Like many of my peers, I started my career during the height of the dot-com boom. And, like many of my peers, establishing a career in technology was more a result of time and place then of deliberate planning. In fact, my degree is in English Literature. Many of the people I have worked with, and especially those I have learned from, came to technology with experience, both real and educational, across a wide spectrum of disciplines. I would say that some of the most interesting, talented, and creative software engineers I have met all had been educated in something other that CS. In this way, the dot-com industry reminded me of the Motion Picture industry (and in 1998 the parallels were plenty), a business that I myself had spent 3 years in, learning to be a Film Editor before returning to my education.
As my career matured and I expanded my skill set, moving from web developer to software architect, I started to find that I was becoming more interested in the process by which Product and Software development teams achieve their goals. As a Software Engineer, most software problems had become routine, but I found that applying an effective process by which teams and companies move forward is a complex and ever-evolving challenge.
Of course, many articles and books have been written on how the software development process should run. Their names, acronyms, and philosophies are diverse and interesting, but not necessary to enumerate here. What I have come to learn, however, is that there is not a one-size-fits all approach to this problem. More often than not, a team develops some form of hybrid process – one that must account for the realities of team size and dynamic, the condition and requirements of the product, and the company’s market position and ambitions. One thread is consistent however: the effectiveness of your process has a demonstrable impact on the success or failure of your product.
When I was promoted to CTO last summer, the issue of our development process was front and center. We had just come out of a difficult period trying to release a new major version of our software. The entire team agreed that we needed to rethink our process; the process we had was simply untenable. Fortunately for me, I have a team of very smart and dedicated individuals, all of whom were ready to take the hard inward look and then execute on the hard decisions. My VP of Engineering, Rick Wolf, was especially instrumental in promoting this change by forcing a move to an Agile Process called Scrum. We haven’t looked back.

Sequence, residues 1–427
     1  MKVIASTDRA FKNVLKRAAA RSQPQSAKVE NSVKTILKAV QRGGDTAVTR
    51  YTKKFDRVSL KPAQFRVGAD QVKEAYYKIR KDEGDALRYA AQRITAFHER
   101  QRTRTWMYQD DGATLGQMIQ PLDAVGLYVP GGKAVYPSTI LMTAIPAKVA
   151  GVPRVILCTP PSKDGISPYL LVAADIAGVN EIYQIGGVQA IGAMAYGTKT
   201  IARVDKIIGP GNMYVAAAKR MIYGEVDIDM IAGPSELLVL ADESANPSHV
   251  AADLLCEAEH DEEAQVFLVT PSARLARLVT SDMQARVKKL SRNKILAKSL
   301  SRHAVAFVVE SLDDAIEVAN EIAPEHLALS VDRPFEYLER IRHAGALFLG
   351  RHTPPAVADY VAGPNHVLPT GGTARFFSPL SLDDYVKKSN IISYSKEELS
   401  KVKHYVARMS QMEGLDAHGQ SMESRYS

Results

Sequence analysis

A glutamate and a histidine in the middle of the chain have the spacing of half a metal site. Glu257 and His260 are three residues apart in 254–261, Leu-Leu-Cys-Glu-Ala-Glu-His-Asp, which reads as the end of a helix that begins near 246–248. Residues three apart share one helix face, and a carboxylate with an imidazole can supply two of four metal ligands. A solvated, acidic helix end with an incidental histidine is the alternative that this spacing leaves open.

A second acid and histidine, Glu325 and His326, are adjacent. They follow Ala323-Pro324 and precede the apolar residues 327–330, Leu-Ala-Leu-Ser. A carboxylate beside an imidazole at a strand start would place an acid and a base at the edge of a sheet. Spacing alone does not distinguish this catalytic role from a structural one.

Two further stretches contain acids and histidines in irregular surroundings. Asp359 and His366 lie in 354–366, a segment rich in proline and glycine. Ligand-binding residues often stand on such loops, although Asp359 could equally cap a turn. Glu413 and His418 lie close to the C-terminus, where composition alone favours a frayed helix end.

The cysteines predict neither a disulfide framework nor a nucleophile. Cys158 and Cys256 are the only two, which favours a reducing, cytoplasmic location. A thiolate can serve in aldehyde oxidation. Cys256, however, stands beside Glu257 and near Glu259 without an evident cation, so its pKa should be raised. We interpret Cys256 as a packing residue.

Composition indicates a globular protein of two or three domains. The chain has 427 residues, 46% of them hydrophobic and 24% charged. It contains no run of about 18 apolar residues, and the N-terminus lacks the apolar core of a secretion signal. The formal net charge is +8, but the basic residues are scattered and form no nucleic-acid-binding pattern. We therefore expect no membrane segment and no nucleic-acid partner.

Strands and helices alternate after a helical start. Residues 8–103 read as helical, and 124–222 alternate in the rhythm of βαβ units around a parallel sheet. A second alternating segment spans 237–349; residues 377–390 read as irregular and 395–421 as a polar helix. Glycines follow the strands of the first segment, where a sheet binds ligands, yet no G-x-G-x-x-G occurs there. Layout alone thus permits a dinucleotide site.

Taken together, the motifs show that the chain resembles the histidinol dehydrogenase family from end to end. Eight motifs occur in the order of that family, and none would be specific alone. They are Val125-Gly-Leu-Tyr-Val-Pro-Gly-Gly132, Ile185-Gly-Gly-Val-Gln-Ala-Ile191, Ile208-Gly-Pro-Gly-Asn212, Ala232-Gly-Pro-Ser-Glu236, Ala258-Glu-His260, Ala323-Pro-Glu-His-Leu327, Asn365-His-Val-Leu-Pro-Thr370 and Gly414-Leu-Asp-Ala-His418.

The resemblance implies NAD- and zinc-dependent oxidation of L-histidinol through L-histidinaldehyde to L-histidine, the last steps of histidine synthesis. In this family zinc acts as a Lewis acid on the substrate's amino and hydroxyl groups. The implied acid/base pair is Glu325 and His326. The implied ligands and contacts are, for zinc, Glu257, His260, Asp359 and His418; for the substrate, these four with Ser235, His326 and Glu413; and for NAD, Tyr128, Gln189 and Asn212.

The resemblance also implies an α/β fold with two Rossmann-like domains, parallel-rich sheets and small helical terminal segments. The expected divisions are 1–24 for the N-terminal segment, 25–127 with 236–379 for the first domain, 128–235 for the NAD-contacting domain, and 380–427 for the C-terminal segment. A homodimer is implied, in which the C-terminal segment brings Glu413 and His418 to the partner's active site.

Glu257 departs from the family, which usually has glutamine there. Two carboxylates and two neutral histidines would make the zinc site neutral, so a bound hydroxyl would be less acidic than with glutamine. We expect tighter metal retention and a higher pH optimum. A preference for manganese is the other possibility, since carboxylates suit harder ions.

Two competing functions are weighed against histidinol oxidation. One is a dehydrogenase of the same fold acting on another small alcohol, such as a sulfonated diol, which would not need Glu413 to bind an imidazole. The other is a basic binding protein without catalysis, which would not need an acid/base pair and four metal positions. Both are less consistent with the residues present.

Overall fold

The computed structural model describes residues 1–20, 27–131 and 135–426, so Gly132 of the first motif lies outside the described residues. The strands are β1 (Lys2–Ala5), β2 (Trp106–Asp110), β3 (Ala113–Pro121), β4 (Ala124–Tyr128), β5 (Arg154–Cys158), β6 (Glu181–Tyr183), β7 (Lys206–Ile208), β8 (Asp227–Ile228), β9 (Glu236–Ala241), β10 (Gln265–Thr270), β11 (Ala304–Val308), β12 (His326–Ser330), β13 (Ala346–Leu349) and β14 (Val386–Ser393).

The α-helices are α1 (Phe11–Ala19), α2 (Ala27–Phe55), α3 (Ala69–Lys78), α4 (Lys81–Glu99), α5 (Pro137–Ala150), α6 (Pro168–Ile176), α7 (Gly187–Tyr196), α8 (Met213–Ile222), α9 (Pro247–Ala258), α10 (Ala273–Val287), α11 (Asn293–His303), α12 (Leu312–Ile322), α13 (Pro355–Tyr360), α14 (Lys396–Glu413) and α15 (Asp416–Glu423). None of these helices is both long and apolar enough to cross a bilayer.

During this time, I purchased a small book titled “101 Things I Learned in Architecture School” by Matthew Frederick. It was written as a handbook for architecture students to help them better navigate the “murky and abstruse” landscape of their studies. I am a bit of a architecture nerd (having only later in life realized that I would have enjoyed the study) and will often pick up books on the topic. One page in particular jumped out at me. Lesson # 29 was titled, ” Being process-oriented, not product-driven, is the most important and difficult skill for a designer to develop.” The lesson continues by listing 10 definitions of process-orientation. As this issues is central to my responsibilities, I am going to spend the next few blog entries on sharing some of the definitions that had particular resonance. The first and number one on Mr. Fredricks list is:
“Being process-oriented means seeking to understand a design problem before chasing after solutions.”
In my next entry, I will take a little time to look at how this statement is applied to software and product development, how often you find the inverse applied, and how both impact the quality of your product.